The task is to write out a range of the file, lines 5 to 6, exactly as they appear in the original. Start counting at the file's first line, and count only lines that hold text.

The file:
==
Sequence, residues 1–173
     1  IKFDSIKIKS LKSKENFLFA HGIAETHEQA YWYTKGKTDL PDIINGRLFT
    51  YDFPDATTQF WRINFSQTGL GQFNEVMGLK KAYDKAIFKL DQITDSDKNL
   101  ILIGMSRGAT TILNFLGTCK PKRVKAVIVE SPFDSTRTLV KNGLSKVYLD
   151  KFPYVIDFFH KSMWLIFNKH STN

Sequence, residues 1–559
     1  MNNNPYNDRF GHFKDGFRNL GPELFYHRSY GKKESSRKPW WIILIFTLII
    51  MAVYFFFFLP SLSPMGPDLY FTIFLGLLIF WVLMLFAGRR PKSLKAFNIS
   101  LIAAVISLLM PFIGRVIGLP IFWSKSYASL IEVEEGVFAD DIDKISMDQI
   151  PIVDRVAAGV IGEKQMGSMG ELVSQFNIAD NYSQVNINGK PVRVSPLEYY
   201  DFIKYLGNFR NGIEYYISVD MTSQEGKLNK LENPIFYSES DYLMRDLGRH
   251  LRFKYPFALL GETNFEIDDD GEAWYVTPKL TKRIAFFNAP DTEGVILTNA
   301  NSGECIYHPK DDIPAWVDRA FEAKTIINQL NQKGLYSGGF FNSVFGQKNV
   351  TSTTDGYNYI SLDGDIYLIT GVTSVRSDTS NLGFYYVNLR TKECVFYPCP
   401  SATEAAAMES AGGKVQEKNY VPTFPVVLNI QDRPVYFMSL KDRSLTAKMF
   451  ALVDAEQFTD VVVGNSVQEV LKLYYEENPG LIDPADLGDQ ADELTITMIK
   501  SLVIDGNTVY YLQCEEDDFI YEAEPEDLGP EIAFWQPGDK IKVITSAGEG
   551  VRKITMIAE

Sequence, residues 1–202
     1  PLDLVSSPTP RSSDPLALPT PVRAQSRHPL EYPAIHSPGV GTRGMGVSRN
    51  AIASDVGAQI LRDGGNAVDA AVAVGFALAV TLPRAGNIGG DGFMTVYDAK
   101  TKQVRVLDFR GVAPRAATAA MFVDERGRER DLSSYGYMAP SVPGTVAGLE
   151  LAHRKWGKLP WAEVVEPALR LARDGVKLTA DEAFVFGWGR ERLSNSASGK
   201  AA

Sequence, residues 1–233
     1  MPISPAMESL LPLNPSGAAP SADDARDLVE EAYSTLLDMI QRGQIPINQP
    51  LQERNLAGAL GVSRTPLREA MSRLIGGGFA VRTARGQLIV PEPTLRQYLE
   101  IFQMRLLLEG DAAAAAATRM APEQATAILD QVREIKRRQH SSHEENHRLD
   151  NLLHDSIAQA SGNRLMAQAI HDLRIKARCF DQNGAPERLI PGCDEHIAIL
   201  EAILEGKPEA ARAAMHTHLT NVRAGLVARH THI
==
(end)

   151  KFPYVIDFFH KSMWLIFNKH STN

Sequence, residues 1–559